Drake filed a fraud lawsuit against model Laquana Morris (aka Layla Lace) on Tuesday in the Superior Court of California, accusing her of civil extortion, fraud, defamation, abuse of process, and intentional infliction of emotional distress. Drake admitted to having consensual sexual relations with Morris in Manchester, England February 2017. In April 2017, she claimed on social media that he dumped her after she told him she was pregnant with his child. The case also alleges that Morris demanded money from Drake and filed a police report alleging the rapper raped her during the Manchester hotel encounter. Manchester police cleared Drake of of sexual assault allegations.

The New New

Nick Cave and Marianne Faithfull released a collaboration titled “The Gypsy Faerie Queen,” which will be included on her twenty-first album Negative Capability, due out November 2nd. Avril Lavigne released first song in five years, “Head Above Water,” which describes her battle with Lyme Disease. Major Lazer and South African singer Babes Wodumo released “Orkant/Balance Pon It” with a video that showcases people of Durban, South Africa dancing on buses, in classrooms and on the streets.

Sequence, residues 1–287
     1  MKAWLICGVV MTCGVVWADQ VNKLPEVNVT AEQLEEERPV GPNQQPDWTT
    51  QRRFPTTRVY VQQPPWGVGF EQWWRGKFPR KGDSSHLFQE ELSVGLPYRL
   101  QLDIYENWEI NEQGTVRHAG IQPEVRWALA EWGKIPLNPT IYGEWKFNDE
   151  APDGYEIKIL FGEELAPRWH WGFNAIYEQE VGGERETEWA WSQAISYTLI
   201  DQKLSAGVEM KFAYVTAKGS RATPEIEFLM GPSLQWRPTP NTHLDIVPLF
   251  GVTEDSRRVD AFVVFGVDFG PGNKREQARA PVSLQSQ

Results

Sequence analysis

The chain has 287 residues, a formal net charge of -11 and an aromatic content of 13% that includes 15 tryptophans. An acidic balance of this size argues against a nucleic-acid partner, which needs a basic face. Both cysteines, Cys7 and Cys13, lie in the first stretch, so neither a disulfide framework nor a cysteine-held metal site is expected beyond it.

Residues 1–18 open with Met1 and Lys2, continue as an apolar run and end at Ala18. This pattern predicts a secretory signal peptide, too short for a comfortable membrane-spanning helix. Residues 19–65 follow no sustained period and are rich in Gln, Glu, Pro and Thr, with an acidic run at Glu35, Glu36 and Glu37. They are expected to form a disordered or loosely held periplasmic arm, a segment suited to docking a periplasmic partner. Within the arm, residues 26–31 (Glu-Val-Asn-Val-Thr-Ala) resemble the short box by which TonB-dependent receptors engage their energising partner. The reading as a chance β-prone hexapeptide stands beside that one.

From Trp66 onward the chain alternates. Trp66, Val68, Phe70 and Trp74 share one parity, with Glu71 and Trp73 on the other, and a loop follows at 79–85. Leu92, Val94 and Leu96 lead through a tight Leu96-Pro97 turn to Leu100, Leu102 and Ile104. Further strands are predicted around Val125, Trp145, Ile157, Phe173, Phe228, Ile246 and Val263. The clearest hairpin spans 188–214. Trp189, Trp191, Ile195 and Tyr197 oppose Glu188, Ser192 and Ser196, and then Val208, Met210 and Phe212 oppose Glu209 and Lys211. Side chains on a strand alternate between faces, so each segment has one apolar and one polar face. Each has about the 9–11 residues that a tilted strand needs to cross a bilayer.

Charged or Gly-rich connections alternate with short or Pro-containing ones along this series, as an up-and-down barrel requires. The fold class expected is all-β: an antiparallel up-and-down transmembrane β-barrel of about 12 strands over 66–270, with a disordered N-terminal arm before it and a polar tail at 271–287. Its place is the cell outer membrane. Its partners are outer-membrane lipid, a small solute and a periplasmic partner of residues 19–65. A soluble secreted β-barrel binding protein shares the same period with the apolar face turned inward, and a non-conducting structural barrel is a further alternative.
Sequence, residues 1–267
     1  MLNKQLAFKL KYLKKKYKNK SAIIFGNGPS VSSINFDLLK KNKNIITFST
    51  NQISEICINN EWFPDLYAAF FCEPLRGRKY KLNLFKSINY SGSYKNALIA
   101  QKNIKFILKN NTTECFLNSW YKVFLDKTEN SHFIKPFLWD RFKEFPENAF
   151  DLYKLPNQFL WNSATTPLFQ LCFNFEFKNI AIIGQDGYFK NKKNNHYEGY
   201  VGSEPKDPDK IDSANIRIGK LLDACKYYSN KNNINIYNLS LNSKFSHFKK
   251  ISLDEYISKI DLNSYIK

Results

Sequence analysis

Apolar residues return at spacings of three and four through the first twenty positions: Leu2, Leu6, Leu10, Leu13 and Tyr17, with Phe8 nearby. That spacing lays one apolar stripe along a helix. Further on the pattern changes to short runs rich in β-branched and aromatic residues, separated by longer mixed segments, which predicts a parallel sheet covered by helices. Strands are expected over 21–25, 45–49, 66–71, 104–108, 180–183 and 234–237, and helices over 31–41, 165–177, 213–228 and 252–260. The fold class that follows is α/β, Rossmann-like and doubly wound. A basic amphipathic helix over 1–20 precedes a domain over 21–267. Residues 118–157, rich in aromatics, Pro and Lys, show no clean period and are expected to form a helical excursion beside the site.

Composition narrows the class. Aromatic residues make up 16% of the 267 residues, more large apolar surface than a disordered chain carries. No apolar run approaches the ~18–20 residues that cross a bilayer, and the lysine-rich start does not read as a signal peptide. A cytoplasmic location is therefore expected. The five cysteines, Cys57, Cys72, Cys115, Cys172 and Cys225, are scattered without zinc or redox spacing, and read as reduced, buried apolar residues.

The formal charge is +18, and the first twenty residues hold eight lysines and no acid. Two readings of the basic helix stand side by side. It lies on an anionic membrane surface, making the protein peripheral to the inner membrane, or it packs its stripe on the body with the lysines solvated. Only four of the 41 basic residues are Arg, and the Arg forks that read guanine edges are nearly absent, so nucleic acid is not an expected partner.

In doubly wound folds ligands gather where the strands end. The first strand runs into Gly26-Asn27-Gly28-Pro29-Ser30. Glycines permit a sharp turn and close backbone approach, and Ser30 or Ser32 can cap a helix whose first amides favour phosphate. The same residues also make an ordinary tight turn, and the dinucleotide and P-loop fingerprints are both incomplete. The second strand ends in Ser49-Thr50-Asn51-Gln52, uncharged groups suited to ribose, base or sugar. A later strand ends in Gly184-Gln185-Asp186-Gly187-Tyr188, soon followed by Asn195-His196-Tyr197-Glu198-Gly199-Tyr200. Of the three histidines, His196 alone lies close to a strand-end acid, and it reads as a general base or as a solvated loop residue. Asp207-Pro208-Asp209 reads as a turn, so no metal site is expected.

End Notes

  • The Senate passed the Music Modernization Act (MMA), that will modernize copyright protection for songwriters on streaming services and other digital platforms.
  • Paul McCartney has first Billboard chart number one album debut with 18th solo release Egypt Station.
  • A new Amy Winehouse documentary entitled Back to Black has been announced, highlighting the making of her iconic record.

HIGH NOTES: 10 Female Artists Who Reference Drugs in Their Music

When you hear the phrase “sex, drugs, and rock and roll,” you usually picture male musicians: Lou Reed croaking out the words to “Heroin” or “Waiting For My Man;” The Weeknd’s famously numb face; Kurt Cobain finding God in “Lithium;” The Beatles on LSD; Neil Young’s coke booger immortalized in The Last Waltz.